Ex-Metra CEO: Speaker Michael Madigan's requests led to downfall

July 12, 2013

In it, former Metra head Alex Clifford makes serious allegations involving House Speaker Michael Madigan and some Metra board members.

Legislative board chair Deborah Mell calls this a big mess. She says legislative action might be necessary to restore public trust in the Metra board. The ousted former Metra CEO Alex Clifford declined to appear at Thursday's legislative hearing. But the memo he wrote to Metra board members speaks volumes.

The legislative hearing apparently yielded few answers.

Lawmakers are questioning the $718,000 severance package for ousted Metra CEO Alex Clifford. And on Friday the head of the committee released the formerly-confidential memo Clifford wrote detailing some of his allegations of influence peddling against Metra board members and several lawmakers, including word from a board member who allegedly "said that House Speaker Michael Madigan would like Patrick Ward, a Metra employee, to receive a pay increase . . .that another individual receive a job with Metra. I did not implement Mr. Madigan's requests."

Clifford says he was later told by a board member he "needed to arrange a meeting with Speaker Madigan to assess what damage I have done to Metra and its future funding by my refusal to accede to Speaker Madigan's requests."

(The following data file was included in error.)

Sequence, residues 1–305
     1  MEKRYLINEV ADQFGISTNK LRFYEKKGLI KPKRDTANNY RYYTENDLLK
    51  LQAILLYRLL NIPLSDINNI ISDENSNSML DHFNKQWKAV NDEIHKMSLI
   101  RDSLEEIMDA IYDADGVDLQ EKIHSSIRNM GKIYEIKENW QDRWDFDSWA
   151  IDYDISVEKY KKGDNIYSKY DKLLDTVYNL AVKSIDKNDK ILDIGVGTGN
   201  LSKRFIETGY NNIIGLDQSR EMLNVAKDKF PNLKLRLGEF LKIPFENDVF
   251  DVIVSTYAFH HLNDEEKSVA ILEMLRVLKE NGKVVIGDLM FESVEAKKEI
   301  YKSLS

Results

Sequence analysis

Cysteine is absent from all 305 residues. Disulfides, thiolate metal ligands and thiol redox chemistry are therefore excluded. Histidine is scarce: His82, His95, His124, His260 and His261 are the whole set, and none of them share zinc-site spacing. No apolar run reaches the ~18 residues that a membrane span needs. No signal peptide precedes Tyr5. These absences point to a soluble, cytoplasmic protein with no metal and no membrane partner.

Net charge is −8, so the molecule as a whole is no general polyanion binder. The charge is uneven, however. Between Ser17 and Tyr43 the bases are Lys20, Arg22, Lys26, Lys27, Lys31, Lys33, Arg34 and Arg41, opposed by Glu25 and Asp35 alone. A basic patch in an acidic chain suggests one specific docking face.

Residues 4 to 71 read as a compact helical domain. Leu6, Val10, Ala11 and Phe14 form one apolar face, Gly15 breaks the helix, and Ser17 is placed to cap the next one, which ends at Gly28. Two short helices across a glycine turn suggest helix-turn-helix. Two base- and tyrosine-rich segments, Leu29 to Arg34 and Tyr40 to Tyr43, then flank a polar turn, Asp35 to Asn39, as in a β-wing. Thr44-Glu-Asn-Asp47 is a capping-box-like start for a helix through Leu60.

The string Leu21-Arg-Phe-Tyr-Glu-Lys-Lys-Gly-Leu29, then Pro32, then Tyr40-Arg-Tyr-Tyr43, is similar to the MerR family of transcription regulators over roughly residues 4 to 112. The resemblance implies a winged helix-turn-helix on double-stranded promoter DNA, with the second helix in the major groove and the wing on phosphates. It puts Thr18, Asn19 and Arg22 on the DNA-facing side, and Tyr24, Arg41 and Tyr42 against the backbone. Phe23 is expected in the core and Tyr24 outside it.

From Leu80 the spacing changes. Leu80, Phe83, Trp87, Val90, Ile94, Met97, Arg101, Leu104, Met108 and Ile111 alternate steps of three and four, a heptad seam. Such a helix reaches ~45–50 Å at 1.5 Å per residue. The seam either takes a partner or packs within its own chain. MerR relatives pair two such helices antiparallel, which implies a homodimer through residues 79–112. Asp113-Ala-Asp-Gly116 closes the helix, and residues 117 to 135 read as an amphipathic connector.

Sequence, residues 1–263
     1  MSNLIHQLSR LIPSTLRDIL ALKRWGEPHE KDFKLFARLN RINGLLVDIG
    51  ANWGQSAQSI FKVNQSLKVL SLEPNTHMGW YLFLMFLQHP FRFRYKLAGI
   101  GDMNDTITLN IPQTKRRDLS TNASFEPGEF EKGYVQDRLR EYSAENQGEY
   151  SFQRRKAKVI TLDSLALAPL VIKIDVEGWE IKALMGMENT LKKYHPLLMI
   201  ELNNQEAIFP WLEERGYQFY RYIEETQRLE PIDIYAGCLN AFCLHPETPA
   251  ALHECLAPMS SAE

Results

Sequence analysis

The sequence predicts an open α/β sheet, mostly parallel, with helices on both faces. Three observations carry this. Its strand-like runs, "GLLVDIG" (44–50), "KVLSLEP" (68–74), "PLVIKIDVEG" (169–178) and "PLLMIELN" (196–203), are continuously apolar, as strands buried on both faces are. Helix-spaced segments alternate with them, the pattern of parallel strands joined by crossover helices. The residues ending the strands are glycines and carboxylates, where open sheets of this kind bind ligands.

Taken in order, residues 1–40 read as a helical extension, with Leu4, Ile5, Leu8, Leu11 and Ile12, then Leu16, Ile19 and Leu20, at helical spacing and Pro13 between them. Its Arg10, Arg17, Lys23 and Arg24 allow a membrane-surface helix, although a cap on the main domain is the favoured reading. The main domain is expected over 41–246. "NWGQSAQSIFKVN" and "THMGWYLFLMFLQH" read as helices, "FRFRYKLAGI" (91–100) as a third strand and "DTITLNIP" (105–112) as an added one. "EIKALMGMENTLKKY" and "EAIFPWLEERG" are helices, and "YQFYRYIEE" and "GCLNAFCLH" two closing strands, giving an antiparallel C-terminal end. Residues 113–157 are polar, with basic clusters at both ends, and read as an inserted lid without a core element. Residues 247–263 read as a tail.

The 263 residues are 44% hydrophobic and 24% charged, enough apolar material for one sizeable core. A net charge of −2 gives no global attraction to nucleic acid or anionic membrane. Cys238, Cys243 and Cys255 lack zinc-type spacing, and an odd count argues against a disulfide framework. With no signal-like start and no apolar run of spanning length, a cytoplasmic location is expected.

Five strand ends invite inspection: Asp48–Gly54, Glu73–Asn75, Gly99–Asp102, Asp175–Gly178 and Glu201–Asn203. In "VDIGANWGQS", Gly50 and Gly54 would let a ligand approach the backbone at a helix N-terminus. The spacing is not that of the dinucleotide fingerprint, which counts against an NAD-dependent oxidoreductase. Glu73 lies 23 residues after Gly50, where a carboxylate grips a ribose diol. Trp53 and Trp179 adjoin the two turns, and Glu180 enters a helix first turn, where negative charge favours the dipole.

The memo also makes allegations against members of the House Latino Caucus and others for attempting to use political influence. Representative Jack Franks is on the committee. "If the board knew about these things and didn't do anything, that's a problem," said Rep. Franks.

In the memo, Clifford continues: "It seems clear that a principal reason that [board members] Mr. O'Halloran and Mr. Huggins have concluded that I must go is that I have not acceded to requests for unlawful politically-motivated employment actions."

"Enough is enough. If I were the Governor, I would replace the entire Metra board and start over," said Rep. Franks.

The two board members named in the memo, Brad O'Halloran and Larry Huggins, through a statement both deny the allegations of wrongdoing in the Clifford memo.

Speaker Michael Madigan declined to appear before the legislative committee but gave them a written statement denying he attempted to use any improper influence.

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